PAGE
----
Overview of dividend capture strategies

Updated: Feb 25th, 2017 | Vance Harwood

I have written several posts on dividend capture strategies.

My favored, although far from perfect strategy:

Dividend capture with covered calls

Some approaches I don’t recommend:

SPY dividend capture ideas that don’t work

Dividend capture—three approaches to skip

Additional background and tools, and an example:

Dividend capture overview

Covered calls–are you ready?

Combo orders–maximizing profits on covered calls

DIA dividend capture: creating the position

DIA dividend capture: position close out

More questions about dividends?  See Top 10 questions about dividends.

DIA Dividend Capture–close out

Updated: Feb 21st, 2010 | Vance Harwood

My DIA dividend capture position was assigned last night as expected, for a net profit of $0.27 per share.  Since my DIA position was called before the dividend was distributed I won’t actually get the dividend (which I am estimating to be $0.25), but my net profit is slightly more with considerably less risk than just buying DIA and holding to ex-dividend.   The image below includes today’s open interest on the DIA options as the far right column.  The Feb 99 calls went from an open interest of around 2400 to 38 overnight, so about 98.5% of the open calls were assigned.  The options up through the 102 strike were mostly cleared out.

DIA call option chain 19-Feb-2010, Open Interest on right, click to enlarge

DIA call option chain 19-Feb-2010, Open Interest on right, click to enlarge

DIA dividend capture

Updated: Apr 22nd, 2010 | Vance Harwood

The SPDR Dow Diamond ETF is an interesting candidate for a dividend capture strategy–if you can do it in a tax sheltered account such as a traditional or ROTH IRA.   On an annual basis is it yielding around 2% and it distributes dividends monthly.  Its dividend payouts are not consistent month to month, they vary from an average of  $0.11 in January over the last 5 years, to and average of $0.33 in October.  The chart below gives details.   February’s average payout is around $0.25, which is pretty close to a .25% return since the DIA is around $100 per share right now.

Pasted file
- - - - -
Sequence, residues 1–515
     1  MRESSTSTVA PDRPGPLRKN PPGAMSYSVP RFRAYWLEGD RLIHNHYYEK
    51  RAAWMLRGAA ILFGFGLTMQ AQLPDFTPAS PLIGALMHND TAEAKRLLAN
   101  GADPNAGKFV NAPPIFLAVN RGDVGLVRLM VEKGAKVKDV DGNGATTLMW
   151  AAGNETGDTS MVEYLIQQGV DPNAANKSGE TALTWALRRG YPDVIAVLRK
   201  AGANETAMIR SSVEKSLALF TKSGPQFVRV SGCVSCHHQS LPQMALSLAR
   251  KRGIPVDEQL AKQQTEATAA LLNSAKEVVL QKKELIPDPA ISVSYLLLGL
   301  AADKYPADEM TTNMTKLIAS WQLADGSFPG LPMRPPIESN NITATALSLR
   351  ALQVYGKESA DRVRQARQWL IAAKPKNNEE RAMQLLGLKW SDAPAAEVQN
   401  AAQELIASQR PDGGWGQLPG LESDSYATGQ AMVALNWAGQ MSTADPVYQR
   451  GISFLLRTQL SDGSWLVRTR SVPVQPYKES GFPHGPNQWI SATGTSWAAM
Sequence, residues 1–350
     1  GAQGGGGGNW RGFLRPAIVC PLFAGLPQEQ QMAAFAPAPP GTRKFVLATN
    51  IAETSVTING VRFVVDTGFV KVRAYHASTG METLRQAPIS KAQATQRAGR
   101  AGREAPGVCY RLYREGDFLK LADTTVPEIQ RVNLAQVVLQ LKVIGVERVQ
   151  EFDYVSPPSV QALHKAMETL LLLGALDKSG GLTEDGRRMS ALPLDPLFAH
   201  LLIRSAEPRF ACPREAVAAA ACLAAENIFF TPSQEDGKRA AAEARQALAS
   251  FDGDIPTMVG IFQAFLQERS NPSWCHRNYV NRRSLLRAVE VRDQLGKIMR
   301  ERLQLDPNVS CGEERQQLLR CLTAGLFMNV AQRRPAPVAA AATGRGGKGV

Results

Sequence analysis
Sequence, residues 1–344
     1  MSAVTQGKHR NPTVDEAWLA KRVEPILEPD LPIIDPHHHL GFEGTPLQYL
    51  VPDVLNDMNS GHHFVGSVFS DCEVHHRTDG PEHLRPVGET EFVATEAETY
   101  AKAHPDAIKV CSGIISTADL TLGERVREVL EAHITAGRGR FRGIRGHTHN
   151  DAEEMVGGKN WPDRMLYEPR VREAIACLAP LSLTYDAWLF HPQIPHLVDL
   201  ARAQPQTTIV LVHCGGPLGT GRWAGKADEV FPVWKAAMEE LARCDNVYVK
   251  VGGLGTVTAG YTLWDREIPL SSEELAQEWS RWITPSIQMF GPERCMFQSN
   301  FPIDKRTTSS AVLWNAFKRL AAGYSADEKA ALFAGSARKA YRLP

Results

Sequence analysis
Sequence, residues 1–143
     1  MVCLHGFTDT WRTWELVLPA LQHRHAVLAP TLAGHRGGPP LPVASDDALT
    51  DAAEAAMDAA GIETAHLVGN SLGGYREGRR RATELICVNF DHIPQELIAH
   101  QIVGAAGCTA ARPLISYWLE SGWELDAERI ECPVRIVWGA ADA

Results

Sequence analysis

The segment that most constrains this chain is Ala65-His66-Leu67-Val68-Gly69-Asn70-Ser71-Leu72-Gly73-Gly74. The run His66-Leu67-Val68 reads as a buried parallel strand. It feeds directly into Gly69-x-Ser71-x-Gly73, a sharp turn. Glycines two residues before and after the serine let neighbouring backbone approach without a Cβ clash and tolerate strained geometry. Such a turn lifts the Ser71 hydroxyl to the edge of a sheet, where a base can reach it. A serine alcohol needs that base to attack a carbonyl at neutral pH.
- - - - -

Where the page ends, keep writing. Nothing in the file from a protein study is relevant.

DIA is unusual for a index ETF offering monthly dividends, in that its ex-dividend dates are the day before the option expiration date for that month.  For example DIA goes ex-dividend on 19-February and the last day of trading on the options is also the 19th with expiration on Saturday the 20th.

This arrangement sets up a straightforward dividend capture scheme using covered calls.   You buy DIA and sell DIA ITM calls, with an extrinsic  value (time value) of approximately the dividend value (historically about 0.25 for February).  At closing today, with DIA at $101.5, this would suggest the 98 Feb call, which at $3.75 would give the target extrinsic value.  The break-even point on this position will probably be 101.5-3.75 =97.75.  I say probably, because there is uncertainty on whether you collect the 0.25 per share dividend or not.

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